If the administration is not planning to increase funding for PEPFAR — and, on the contrary, intends to seek further cuts — “the question then is, is someone else losing out on that $100 million,” Buckingham added.
The administration’s global health leaders have not been shy about their desire to push more HIV funding to faith-based organizations.
“We are taking advantage of our administration today to really launch … a new faith-based initiation strategy and involvement strategy and a community of faith strategy — to really move resources to indigenous organizations to have this kind of reinvigoration of the communities at the level utilizing religious leaders and faith-based organizations,” U.S. Global AIDS Coordinator Deborah Birx told a gathering of faith organizations in July.
U.S. Global AIDS Coordinator Deborah Birx described the ambitious effort: "If we're going to have a sustained program, it has to be completely indigenous."
Birx, who leads PEPFAR, told the same gathering that she has set a goal of directing 70 percent of the initiative’s more than $6 billion in yearly funding to “indigenous” organizations by the end of 2020, which many see as aligned with the effort to partner with faith groups.
The PEPFAR chief has faced repeated questions about how the Trump administration’s proposals to cut money for global HIV funding show the sustained commitment to controlling the epidemic that she and other officials — including Pence — continue to profess. Birx, including in interviews with Devex, has argued that increasing efficiency and effectiveness through better data and program targeting presents opportunities to improve PEPFAR’s impact, even in the face of a flat or decreasing budget picture.
On Wednesday, speaking at an event with the magazine The Atlantic, Birx said: “I feel very secure, because I came out of the military, so when someone doesn’t like your program, you don’t get cut, you get zeroed.”
“Are we confident that our foreign assistance programs are as effective and efficient in having the outcomes and impacts that they were designed to have? And I think anybody who runs a big program can’t answer that ‘yes.’ They need to answer it, ‘I don’t know,’ and then get the information to be able to prove to the administration or Congress. I think we’re in a position now where we’re proving that,” Birx said.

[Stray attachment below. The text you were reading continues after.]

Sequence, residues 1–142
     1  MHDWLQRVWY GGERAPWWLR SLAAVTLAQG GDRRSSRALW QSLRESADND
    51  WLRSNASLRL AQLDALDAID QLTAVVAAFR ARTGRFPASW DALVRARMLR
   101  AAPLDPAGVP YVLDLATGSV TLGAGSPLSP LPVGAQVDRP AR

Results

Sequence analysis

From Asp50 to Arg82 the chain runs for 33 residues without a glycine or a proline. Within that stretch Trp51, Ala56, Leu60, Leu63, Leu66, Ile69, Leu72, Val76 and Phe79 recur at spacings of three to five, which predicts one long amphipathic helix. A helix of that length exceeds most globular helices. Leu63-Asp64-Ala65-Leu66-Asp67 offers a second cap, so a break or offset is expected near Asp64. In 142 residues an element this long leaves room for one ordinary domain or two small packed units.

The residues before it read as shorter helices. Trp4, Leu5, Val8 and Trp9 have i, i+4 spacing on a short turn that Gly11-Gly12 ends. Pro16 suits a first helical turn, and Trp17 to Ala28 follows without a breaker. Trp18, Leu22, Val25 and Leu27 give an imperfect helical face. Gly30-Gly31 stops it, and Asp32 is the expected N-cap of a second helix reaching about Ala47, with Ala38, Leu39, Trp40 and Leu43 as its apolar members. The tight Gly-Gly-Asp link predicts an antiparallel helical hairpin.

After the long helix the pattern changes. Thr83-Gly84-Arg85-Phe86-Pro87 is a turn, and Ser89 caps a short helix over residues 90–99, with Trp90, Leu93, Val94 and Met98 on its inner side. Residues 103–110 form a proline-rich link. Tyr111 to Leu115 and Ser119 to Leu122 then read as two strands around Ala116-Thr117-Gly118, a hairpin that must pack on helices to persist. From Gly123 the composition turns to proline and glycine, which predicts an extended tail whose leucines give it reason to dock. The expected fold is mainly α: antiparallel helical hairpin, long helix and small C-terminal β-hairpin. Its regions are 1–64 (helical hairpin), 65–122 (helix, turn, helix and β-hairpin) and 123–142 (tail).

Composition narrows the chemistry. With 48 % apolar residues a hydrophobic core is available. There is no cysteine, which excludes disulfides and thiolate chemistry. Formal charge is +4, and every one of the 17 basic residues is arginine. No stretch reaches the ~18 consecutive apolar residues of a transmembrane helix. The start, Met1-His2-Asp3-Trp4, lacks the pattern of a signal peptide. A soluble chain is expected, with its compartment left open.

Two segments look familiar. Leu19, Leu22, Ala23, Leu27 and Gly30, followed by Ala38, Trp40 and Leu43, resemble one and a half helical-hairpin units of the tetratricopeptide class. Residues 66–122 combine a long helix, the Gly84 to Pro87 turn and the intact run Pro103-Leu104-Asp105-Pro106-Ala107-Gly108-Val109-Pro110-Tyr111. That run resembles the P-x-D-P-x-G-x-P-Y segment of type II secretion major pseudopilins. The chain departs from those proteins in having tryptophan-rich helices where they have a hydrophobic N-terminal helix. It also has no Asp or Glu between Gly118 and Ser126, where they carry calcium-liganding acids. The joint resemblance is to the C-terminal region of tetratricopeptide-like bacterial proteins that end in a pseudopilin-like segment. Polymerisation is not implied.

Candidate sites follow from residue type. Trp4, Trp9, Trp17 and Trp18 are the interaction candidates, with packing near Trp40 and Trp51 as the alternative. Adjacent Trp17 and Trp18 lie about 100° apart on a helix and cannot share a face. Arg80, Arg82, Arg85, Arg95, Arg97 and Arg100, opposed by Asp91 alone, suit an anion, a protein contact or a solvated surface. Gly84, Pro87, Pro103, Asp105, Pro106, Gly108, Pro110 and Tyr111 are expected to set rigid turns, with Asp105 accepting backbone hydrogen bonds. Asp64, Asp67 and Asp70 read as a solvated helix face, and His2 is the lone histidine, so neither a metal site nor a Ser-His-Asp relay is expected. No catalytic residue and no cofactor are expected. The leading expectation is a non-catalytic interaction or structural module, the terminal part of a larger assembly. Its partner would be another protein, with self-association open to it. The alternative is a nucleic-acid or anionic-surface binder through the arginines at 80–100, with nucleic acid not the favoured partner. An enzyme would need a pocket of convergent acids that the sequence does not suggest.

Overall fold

In his remarks at the White House, Pence highlighted PEPFAR’s successes and pointed to its latest progress report, released earlier this week, which said the program has now saved more than 17 million lives, supports more than 14.6 million people with antiretroviral treatment and helped more than 2.4 million babies be born HIV-free.
About 11 of the 53 countries that receive PEPFAR support are funding the majority of their HIV response themselves, Pence said, adding that the administration will “continue to empower ever more countries to mobilize domestic resources to share more of this burden.”
“We’ve made great progress but our work is far from over,” he said. “And as evidenced by the Congress’ action and the President’s renewed leadership, that work will continue until we end the scourge of HIV/AIDS once and for all.”
Adva Saldinger is an Associate Editor at Devex, where she covers the intersection of business and international development, as well as U.S. foreign aid policy. From partnerships to trade and social entrepreneurship to impact investing, Adva explores the role the private sector and private capital play in development. A journalist with more than 10 years of experience, she has worked at several newspapers in the U.S. and lived in both Ghana and South Africa.
Michael Igoe is a Senior Reporter with Devex, based in Washington, D.C. He covers U.S. foreign aid, global health, climate change, and development finance. Prior to joining Devex, Michael researched water management and climate change adaptation in post-Soviet Central Asia, where he also wrote for EurasiaNet. Michael earned his bachelor's degree from Bowdoin College, where he majored in Russian, and his master’s degree from the University of Montana, where he studied international conservation and development.